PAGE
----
February 05, 2013
Assistant Director, Sport Clubs
Florida State University
Sport Clubs at Florida State University (FSU) are registered student organizations that have been formed for the purpose of competing and or participating in a particular sport. Each club’s level of competition or activity is unique and is dependent on club leadership. Sport Clubs at FSU are student initiated, student-led and student-managed, providing an opportunity for the development of leadership and other transferable skills, and to contribute to the overall college experience.
Florida State has 45 instructional, recreational, and competitive Sport Clubs for the 2012-2013 school years ranging from Lacrosse to Rugby to Bass Fishing. Sport Clubs at FSU are required to travel or host annual seminars in order to remain an active club within Sport Club Program. This helps to differentiate them from the 600 other organizations on campus. So for example, in the case of Martial Arts groups who may not travel as a group to competitions, they will host a seminar each week with an instructor from their discipline to provide demonstrations to students.
FSU employees 6 student club program assistants who are supervised by a full time professional Sport Club Program Director, who in turn is supervised by the Assistant Director of Intramural Sports and Sport Clubs within the Campus Recreation Department. Due to the number, size and diversity or our Sport Clubs, each club is required to have a minimum of three active officers or leaders of their organization who go through training each year. We require a President, Treasurer, and Safety/Travel Officer while also encouraging the use of a Vice-President, and Secretary.
July 16, 2011
Benjamin B. Stubbs
Assistant Director, Programs
University of Tennessee
It is a beautiful evening on the river. The water is smooth under the rowing shell, the air is crisp, and the white clouds in the sky are starting to turn pink and orange. But Wallace isn’t admiring the sunset. Instead, he cranes his neck to see into the coach’s boat, trying to count the number of personal floatation devices. The other club members listen to the coxswain, focus on their form, and maybe think about how fun it is to row at night. Wallace, a junior in engineering and the Crew Club president, is thinking about safety.
When it comes to the risk associated with sport club activity, student officers are the last line of defense. Recreation managers devise policies that limit the risks inherent in club activity. And yet, club practices, travel, and social activities are often beyond the scrutiny of sport club administrators. Many risk management decisions and responsibilities are left to the student leaders. However, risk management is only one of the many responsibilities of sport club officers. Officers organize practices and events, communicate with members, staff, and other teams, complete paperwork, manage inventories, and more. Each of these responsibilities is influenced by their specific roles as club leaders, and by their attitudes about their club.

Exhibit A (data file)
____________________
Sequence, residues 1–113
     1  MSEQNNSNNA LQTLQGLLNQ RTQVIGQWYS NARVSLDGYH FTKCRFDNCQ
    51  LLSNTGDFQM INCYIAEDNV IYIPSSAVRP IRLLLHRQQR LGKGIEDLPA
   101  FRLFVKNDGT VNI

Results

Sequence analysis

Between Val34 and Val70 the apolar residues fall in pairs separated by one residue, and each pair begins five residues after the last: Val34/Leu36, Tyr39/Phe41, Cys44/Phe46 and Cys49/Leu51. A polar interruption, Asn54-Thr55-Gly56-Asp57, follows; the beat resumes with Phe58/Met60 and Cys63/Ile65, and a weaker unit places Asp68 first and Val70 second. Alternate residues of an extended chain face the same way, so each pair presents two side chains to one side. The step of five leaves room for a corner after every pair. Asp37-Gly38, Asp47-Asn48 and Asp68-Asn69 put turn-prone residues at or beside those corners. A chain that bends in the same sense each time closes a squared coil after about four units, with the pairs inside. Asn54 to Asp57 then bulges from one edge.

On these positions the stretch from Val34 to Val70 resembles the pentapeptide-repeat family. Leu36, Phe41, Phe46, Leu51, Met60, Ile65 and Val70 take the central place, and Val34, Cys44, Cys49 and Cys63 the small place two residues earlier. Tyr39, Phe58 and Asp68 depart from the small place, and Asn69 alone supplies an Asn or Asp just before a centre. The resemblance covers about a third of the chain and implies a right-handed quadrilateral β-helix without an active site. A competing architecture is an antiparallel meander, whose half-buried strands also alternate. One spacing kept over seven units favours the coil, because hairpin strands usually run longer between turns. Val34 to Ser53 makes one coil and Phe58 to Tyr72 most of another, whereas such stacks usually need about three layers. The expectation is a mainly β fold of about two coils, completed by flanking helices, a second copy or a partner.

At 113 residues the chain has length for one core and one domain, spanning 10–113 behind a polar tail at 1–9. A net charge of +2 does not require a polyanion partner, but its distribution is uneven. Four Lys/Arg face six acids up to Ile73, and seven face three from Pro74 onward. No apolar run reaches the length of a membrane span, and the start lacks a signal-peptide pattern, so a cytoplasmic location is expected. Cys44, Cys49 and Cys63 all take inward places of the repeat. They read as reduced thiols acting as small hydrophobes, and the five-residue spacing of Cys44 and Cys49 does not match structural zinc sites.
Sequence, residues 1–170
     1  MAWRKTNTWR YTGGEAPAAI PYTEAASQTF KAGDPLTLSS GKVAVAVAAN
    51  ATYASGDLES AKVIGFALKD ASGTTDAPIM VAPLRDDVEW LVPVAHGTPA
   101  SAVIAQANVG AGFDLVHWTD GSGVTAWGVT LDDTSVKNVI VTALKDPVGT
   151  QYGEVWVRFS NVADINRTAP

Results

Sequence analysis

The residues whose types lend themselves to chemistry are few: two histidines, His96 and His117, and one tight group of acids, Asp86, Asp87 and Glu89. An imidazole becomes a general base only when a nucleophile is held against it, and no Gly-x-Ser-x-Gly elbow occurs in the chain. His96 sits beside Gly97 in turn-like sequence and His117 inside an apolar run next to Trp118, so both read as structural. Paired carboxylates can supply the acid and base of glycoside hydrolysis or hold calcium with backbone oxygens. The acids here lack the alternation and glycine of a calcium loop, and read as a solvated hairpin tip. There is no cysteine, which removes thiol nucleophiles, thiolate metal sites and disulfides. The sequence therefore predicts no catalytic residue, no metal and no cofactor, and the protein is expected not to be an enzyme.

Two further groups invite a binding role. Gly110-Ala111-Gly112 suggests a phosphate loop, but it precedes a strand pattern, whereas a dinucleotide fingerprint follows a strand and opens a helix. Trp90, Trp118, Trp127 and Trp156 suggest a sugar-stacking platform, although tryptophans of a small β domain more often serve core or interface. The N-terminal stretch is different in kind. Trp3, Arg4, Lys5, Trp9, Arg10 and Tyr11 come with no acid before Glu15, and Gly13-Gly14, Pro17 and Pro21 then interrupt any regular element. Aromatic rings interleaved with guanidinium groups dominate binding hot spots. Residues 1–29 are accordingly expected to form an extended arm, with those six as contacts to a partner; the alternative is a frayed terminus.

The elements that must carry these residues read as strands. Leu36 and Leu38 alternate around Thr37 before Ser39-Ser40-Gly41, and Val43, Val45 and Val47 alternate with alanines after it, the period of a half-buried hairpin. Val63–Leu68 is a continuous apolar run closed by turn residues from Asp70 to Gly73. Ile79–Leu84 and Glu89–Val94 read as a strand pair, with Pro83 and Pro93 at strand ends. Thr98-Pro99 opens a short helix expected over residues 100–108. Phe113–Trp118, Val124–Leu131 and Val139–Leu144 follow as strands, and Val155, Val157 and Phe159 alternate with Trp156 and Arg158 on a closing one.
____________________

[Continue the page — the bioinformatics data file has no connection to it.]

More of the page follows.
May 12, 2011
Aquatics & Sport Club Coordinator
University of North Carolina Wilmington
Sport Club professionals spend hours developing and writing policy manuals with the hope that club members read and understand each concept. We know through experience that this is seldom the case. What can we do to help reinforce the messages our club officers need to know? Member training can be part of the solution to this problem.
The Sport Club program at the University of North Carolina Wilmington (UNCW) has experienced growth each of the last seven years. The Sport Club Council (SCC) meeting was a great opportunity to include training topics – when the total number of clubs were smaller. When we reached the 20 Sport Clubs mark, the Sport Club Council meetings were taking 2 hours, and we realized that the Sport Club Council meeting was no longer the best place to train our club officers.
We began researching training programs from other sport club programs, new member orientation programs for fraternity and sorority programs, and the employee training program from the UNCW Discover Outdoor program. The process lead to the development of a weekly one-hour sport club member training program we named the ‘Sport Club Management Series’.